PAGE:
Deaf adults could benefit from Auditory-Verbal Therapy or an auditory-verbal approach to assist cochlear implant (CI) rehabilitation. AVT could be appropriate for those adults who have had a deteriorating loss or a sudden loss of hearing. In addition it could also assist those adults who have had a congenital hearing loss and were educated using an auditory-verbal approach and then transferred from hearing aids to a cochlear implant. The rationale for suggesting AVT is because the adult CI recipients described would have already developed an ability to communicate through listening. That is their auditory cortex has been developed for listening and they will have a memory of spoken language. The AVT approach could facilitate the redevelopment of auditory skills with a cochlear implant. AVT was pioneered and introduced by Doreen Pollack and Helen Beebe because their belief was that children with hearing impairment could learn to listen and speak. They understood that the child’s parents or carers would need to be educated in the AVT techniques. These included understanding the audiological needs of the child and the development of speech and language. To this end they developed the first AVT programs for hearing impaired children and their parents.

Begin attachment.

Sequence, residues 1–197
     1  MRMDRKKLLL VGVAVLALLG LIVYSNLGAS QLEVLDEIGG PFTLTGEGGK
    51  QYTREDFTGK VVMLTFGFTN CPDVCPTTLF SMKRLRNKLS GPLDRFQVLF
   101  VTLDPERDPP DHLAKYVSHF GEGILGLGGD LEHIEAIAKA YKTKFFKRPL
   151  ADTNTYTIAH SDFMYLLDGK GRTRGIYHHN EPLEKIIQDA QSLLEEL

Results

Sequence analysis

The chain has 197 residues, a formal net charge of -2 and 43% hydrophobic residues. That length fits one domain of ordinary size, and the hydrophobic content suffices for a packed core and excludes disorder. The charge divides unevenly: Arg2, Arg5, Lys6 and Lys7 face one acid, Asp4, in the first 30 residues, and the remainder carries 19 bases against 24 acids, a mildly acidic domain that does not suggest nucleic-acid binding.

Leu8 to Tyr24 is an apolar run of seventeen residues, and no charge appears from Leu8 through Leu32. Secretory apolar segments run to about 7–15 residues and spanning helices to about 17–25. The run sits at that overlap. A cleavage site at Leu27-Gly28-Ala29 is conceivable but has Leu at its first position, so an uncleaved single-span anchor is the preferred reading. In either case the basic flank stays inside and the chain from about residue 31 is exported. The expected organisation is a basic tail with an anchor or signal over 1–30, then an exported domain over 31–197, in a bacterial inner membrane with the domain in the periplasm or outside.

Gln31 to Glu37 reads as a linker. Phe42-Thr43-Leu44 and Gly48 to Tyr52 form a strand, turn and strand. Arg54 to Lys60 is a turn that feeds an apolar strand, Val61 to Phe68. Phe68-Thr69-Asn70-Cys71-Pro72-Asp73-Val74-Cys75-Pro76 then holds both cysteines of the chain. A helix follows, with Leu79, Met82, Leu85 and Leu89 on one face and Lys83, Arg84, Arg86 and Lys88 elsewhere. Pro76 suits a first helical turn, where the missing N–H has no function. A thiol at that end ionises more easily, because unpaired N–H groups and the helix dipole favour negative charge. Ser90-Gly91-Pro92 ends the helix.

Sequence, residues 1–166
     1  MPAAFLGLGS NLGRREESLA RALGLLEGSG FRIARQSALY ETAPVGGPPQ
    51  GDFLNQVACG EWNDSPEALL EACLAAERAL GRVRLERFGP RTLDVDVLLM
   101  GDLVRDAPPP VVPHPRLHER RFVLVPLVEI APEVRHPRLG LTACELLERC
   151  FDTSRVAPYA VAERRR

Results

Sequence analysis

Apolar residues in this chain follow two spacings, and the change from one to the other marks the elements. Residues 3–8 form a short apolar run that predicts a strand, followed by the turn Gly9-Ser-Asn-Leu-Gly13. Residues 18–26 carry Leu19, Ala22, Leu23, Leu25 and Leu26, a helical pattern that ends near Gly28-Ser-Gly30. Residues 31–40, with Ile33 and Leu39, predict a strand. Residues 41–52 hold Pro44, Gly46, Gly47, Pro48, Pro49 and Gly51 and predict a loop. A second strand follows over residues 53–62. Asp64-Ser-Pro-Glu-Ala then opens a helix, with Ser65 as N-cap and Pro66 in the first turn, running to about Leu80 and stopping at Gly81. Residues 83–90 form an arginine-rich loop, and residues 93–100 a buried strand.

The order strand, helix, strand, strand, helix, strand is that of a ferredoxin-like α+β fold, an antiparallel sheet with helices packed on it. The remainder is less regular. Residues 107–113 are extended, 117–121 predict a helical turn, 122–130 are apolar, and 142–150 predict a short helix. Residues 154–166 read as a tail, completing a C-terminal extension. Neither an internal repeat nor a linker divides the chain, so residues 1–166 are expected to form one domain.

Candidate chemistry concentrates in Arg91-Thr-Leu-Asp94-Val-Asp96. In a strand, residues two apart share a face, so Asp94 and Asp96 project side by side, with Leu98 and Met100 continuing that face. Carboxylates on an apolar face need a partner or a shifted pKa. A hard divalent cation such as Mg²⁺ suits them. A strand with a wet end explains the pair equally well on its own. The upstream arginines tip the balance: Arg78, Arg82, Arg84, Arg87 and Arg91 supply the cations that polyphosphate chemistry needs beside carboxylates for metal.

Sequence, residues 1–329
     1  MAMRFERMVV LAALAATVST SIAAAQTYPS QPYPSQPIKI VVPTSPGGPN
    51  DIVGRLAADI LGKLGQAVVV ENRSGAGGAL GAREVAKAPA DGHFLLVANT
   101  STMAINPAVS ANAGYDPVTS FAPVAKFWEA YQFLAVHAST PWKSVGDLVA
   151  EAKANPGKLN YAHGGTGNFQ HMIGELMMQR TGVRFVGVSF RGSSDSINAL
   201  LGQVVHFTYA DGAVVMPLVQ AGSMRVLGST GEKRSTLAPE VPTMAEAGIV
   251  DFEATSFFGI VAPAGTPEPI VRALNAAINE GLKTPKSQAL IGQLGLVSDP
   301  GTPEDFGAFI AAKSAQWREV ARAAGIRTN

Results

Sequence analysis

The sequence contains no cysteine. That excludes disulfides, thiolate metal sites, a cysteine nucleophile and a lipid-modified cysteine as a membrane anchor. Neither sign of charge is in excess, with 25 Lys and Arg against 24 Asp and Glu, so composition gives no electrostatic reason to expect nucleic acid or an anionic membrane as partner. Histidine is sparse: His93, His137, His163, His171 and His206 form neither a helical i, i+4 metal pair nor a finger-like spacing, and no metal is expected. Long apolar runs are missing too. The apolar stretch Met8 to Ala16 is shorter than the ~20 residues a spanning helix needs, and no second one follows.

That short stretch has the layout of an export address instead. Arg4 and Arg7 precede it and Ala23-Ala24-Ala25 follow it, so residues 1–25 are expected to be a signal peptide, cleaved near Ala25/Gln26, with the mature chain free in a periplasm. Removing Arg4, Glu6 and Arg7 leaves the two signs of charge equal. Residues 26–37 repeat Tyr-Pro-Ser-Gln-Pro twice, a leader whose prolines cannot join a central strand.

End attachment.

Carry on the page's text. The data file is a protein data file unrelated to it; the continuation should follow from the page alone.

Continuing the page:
Judy Simser the mother of a deaf child and subsequently a world leader of AVT stated the following: “AVT is the link between theory and practice. It teaches parents how to create an auditory learning environment for their child to develop spoken language through listening alone during natural, meaningful communication.” AVT was intended for children but could be adapted for adults. Children require a parent or carer to facilitate listening and communication. Without that support the child would find it very difficult to acquire spoken language. Fortunately the adult CI recipient would have acquired speech and language. However, due their significant hearing loss the ability to hear spoken language and other auditory information such as music and environmental signals has been lost or diminished. In most cases the hearing impaired adult loses the confidence to fully participate in the regular ‘hearing world’. Unfortunately they can often become withdrawn and lonely. If the CI recipient wishes to maximise the benefits of cochlear implantation it would be an advantage to have a personal mentor in addition to their audiologist and speech pathologist. The mentor could be the person’s partner or close relative or friend - someone whom the CI recipient has a positive and trusting relationship. AVT approach could enhance the CI recipient’s ability to regain their auditory skills to facilitate auditory comprehension of language and the confidence to use spoken language for everyday function. This enables the CI recipient with the ability to participate with family, friends, colleagues and community members. AVT has a hierarchy of listening skills and both the mentor and the CI recipient would need to understand what this means as they are guided through the rehabilitation process.